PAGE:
Bleak Streets: Johnny Cash Meets Eminem in Tunisia

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After the end of America’s Civil War and the death of Abraham Lincoln, an envoy from Tunisia presented President Andrew Johnson with a huge portrait of the ‘Bey of Tunis’, His Highness the Mushir Mohammed Essadek.  The inscription below appears on the frame of the portrait which now hangs in the opulent reception room of the Department of State.

bey of tunis-thumb-300x81-3268.jpgHis Highness the Mushir Mohammed Essadek, Bey of Tunis

Portrait presented as a souvenir of his Friendship on November 1865
by his Envoy Gen. Otman Hashem, bearer of letters of condolence for the
assassination of President Lincoln and of congratulations for the termination of the Civil War.

Nearly 150 years later, there are a great number of Americans, Europeans, wealthy educated Arabs from the region and others working hard with Tunisians after their revoulution to mend the severe social and economic damage done by a corrupt, totalitarian regime.  I have been getting different reads on how things are going.

Lately, anecdotal reports have been pretty good from people who seem to be gaining confidence in the political evolution thus far and argue that what looked like a rising tide of Islamic Salafist influence may be ebbing.  A friend, Foued Mokrani, has extensive family in Tunisia and wavers from high hopes for changes underway to depression and concern.  Mokrani has been more positive lately — but his cousin is featured in the less optimistic video below.

At the end of March, Jeffrey Christiansen, an Arabic-fluent graduate of Georgetown now working in Tunis, sent me a cynical assessment:

Tunis is great, if only for me personally. My job in private equity has kept me on my tip toes, confronting me with financial and legal work I never imagined I’d do my first 5 months. My first two months, I warmed up with fund reporting; now, I’m focused on a negotiation with OPIC, the US overseas investment branch, for a 40m dollar deal, plus managing the financial analysis behind it all. So my learning curve has been steep. . .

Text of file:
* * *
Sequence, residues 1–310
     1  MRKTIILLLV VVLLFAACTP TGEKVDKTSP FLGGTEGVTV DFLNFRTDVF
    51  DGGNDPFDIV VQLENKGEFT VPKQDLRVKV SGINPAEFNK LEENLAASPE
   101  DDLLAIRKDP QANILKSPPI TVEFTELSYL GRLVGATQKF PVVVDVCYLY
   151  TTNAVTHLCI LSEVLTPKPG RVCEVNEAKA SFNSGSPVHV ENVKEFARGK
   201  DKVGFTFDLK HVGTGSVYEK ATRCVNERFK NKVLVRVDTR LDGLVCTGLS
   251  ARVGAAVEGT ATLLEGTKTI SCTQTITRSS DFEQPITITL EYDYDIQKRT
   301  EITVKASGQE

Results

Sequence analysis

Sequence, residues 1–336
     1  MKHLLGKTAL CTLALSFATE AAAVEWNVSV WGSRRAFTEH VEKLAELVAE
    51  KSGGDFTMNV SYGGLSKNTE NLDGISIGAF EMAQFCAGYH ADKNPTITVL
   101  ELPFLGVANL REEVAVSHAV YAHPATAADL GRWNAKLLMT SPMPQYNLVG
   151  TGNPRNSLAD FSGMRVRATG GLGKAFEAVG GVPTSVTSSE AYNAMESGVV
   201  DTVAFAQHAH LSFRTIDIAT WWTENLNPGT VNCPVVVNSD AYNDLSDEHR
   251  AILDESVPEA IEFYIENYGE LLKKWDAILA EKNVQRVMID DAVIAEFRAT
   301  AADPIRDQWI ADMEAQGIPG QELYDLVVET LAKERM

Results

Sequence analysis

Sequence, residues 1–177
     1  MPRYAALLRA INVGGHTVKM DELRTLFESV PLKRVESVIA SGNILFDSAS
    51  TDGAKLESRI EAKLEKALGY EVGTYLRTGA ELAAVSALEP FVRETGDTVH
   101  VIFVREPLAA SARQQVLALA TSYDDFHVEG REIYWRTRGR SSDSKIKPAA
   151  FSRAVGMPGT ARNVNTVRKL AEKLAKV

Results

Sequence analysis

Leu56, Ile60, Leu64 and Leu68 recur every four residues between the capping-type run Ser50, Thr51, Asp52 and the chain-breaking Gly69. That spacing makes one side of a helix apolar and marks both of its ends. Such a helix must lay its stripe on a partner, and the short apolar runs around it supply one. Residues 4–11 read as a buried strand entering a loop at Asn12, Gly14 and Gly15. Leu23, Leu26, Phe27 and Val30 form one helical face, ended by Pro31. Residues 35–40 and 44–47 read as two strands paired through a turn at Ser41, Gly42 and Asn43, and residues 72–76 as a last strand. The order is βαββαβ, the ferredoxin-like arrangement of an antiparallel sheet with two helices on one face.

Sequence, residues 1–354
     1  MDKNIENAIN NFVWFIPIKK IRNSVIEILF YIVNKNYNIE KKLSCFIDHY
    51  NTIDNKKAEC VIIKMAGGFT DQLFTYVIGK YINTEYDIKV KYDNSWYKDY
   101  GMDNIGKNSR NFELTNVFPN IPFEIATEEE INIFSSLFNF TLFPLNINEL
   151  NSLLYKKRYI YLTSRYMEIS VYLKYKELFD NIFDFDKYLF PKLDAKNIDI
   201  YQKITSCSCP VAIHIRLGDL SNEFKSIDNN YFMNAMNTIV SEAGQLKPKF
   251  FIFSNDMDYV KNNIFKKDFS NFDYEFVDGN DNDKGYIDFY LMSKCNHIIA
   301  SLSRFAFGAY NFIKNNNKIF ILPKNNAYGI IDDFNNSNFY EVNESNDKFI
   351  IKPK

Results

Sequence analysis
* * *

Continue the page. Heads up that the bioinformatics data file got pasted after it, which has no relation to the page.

The country, on the other hand, is stressed, going through difficult times. The economy is worse than before the revolution. Disrupted supply chains, strikes for higher salaries, and weak export demand from the EU has dampened econ recovery, leading to growth forecasts of 2 percent for the year and dashing people’s hopes for a rapid improvement in unemployment and incomes.

So frustration with the new government is mounting. So too are social tensions. Salafists are growing more aggressive in demanding the right for women to wear the niqaab, excoriating journalists for saying or printing material they find offensive, and some even calling for an Islamic Caliphate.

Shockingly, the government hasn’t done much about it, reinforcing fears among secular coastal elites that their country is heading for disaster.  The growing divide within al-Nahda between moderate elements and more extreme ones is no doubt one of the reasons for government inaction on socio-religious unrest.

And here is a snap shot from the arts to get a more gritty vibe.  This rap song from some guys in Tunisia, Kazablanka & 7ammati [Hammati], is something of a hybrid of Johnny Cash meets Eminem in Tunisia.  I love the music — and had it roughly translated.

I’m sure that the translation needs some work — and feel free to improve or correct what I have up here, and I’ll amend appropriately.

But read what they’re saying.  Things aren’t good.  Their generation is still screwed.  In homage to Bouazizi perhaps, they are singing that they still can’t set up decent, legal businesses.

It’s just a song — but bleakness prevails in it.  And they ask, Ila Mata?  Til When?

Til When?
by Kazablaka & 7Ammati

The liquor got me feeling good, ‘desals’
[can't figure out this word] got me feeling good too.
I’m just trying to get a ride tonight.
We are going to do whatever we want to do….
So fill your cup to the top brother take that shot, bring that honey right home with you.
You better get like me just follow my lead and you can be feeling good too.

I’ll tell you the life story of poor victims of circumstance.
Our field is the street, and that’s where we learn to fight to survive.

Blood and weapons become an art … Fighting our brothers and friends become our joke, and routine .

Our lives are lost, all on drugs and alcohol ..our bodies full of scars that we have mutilated ourselves to look like tigers.

We act like strong monsters loud and aggressive but we are really just soft birds at the end ..
Our end is the same — jail or dying !!  ….Til when ??

Hello everyone. We are Kazablanka and my brother Hamati from Ras Zanga …
My brain is going to explain and all I need is some marijuana to settle down and forget our pain .

Everyone thinks about leaving the country illegally and living in Europe,
But you can’t trust anyone anymore even to do that !!

We are getting skinny like Somalis .. We thought things will change after the revolution but all we got is a dick right in the ass ..

Worse and worse — you cannot even think about setting up a decent legal business !!

In the end, we are fucked up .. our life is drugs and blood — and the worst of it is that we have no regret … Til when?

– Steve Clemons is Washington Editor at Large at The Atlantic, where this post first appeared. Clemons can be followed on Twitter at @SCClemons

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